Anatomy and Physiology in ICD-10
The tenth revision of the International Classification of Diseases (ICD-10) brings many changes to coding in the United States. It not only increases the amount of codes available for use, it will also require, among many things, an in-depth understanding of anatomy and pathophysiology. Code selections may be based on the site of the condition or injury (anatomy) or by the disease process (pathophysiology), and the stages of healing. Without an understanding of these, the user will find it difficult to select the appropriate code.
Take a look at the injury section as an example, many of these codes require 7 characters and it may be necessary to know the type of injury, site, laterality, and episode of care. For example, in ICD-9-CM there is one choice for closed fracture of the shaft of the radius (813.21). In ICD-10-CM there are 270 code choices for this injury. The code is assigned based on:
- Type of fracture (greenstick, transverse, spiral, etc.)
- Displaced or nondisplaced
- Right, left, or unspecified side
- Episode of care (initial, subsequent, or sequela)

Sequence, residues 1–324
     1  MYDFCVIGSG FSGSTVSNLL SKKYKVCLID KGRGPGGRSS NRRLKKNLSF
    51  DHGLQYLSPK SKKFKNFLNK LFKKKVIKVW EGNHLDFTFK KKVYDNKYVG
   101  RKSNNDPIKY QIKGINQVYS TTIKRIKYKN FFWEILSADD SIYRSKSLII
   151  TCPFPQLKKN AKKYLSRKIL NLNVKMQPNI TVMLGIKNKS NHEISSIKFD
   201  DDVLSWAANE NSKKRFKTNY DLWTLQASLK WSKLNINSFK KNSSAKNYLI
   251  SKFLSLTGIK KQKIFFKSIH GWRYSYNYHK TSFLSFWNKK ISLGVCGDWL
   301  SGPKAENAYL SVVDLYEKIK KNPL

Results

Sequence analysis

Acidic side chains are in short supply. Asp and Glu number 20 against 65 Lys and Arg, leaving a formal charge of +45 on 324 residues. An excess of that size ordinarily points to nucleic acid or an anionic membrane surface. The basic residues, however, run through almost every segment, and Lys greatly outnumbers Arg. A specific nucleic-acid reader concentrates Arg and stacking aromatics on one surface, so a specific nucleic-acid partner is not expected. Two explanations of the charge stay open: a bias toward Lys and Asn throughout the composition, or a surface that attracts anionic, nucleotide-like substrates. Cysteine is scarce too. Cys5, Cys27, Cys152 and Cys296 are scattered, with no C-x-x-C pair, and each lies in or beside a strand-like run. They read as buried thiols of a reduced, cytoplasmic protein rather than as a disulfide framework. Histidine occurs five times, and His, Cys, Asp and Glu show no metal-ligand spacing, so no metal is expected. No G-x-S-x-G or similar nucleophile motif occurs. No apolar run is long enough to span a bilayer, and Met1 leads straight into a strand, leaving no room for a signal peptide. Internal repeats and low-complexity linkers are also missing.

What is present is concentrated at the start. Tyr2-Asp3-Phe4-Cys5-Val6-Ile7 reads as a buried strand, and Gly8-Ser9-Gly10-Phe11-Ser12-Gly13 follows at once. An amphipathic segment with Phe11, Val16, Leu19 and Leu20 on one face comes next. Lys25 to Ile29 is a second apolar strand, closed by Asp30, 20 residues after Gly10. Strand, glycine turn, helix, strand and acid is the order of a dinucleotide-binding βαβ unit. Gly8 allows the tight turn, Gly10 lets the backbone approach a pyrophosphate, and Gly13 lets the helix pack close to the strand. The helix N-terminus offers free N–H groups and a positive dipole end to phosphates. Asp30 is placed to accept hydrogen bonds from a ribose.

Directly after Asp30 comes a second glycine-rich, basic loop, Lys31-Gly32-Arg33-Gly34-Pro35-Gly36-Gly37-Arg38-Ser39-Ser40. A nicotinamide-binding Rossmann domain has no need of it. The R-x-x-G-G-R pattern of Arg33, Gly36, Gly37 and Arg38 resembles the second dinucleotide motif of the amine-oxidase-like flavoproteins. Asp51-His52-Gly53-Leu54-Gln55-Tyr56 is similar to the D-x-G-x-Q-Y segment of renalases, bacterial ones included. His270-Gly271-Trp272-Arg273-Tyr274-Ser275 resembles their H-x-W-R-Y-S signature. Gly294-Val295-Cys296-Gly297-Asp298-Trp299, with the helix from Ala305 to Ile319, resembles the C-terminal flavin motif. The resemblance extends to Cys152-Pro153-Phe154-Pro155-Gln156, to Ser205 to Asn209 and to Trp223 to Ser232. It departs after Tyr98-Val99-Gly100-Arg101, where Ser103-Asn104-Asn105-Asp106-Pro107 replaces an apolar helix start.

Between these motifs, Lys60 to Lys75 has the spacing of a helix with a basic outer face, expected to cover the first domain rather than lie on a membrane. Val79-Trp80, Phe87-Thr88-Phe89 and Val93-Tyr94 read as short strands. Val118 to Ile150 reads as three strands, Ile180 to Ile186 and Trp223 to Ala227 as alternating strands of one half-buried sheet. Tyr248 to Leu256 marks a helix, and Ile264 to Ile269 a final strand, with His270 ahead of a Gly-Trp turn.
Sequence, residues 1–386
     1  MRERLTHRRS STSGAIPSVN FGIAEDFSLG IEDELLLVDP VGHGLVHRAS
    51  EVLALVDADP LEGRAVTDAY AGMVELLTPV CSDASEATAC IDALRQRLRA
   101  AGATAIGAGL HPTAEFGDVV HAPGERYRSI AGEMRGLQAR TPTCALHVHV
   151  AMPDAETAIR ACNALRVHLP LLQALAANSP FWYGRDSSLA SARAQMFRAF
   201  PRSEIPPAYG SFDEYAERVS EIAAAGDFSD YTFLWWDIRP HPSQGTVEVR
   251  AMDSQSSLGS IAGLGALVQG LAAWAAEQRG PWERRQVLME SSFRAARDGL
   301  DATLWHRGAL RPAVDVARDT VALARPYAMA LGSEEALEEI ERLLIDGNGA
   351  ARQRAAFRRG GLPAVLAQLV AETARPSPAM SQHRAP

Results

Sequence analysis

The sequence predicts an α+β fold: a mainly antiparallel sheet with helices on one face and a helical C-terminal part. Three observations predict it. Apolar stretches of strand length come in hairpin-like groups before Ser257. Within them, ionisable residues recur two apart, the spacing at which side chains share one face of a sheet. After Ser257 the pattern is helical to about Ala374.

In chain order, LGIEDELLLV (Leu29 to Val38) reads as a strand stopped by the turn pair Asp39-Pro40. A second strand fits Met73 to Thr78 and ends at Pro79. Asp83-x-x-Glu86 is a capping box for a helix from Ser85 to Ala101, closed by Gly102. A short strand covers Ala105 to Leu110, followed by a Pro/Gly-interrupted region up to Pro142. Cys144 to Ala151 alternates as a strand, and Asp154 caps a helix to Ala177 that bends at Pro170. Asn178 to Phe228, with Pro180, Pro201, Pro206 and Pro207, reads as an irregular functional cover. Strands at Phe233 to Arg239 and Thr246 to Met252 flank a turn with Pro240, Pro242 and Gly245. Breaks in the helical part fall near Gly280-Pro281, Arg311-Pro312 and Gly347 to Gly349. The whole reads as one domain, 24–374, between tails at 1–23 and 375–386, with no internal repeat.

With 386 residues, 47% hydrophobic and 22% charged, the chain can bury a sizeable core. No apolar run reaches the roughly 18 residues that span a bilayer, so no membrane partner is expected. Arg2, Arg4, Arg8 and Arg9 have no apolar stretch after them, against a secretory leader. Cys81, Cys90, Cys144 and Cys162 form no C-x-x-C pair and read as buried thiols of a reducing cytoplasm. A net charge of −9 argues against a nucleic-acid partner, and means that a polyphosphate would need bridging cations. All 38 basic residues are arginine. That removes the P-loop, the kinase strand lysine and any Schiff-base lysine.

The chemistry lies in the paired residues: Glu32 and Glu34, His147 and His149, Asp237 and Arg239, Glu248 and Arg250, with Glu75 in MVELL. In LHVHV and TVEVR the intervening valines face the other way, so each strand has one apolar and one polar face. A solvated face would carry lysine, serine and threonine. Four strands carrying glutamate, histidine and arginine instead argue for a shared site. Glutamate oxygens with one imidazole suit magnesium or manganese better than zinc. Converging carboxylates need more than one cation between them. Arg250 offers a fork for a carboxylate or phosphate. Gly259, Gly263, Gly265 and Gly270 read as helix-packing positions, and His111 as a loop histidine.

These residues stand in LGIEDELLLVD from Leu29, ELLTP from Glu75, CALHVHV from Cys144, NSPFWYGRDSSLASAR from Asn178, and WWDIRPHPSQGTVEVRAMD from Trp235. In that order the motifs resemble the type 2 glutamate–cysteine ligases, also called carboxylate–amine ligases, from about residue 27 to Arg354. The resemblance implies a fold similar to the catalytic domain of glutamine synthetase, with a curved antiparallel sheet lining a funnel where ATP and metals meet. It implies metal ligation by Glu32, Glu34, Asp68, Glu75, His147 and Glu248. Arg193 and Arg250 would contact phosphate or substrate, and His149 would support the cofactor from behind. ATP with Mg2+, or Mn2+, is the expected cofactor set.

- Stage of healing (for subsequent encounters)
- Delayed healing
You can see that without an understanding of the various types of fractures, and the healing process involved, the user may have a difficult time with code selection. There may be temptation to use the unspecified code if the information is omitted from the note; however, the requirement is to always use the code that most accurately describes the injury.
ICD-10-CM has an increased amount of combination codes compared to ICD-9-CM. Knowledge of anatomy and pathophysiology in the areas where combination codes exist will help to user to understand the relationship between the two conditions. In ICD-9-CM two codes were required to report coronary atherosclerosis of autologous vein bypass graft with intermediate coronary syndrome (unstable angina) – 414.02 and 411.1. In ICD-10-CM the same condition would be reported with the combination code I25.710 – Atherosclerosis of autologous vein coronary artery bypass graft(s) with unstable angina pectoris.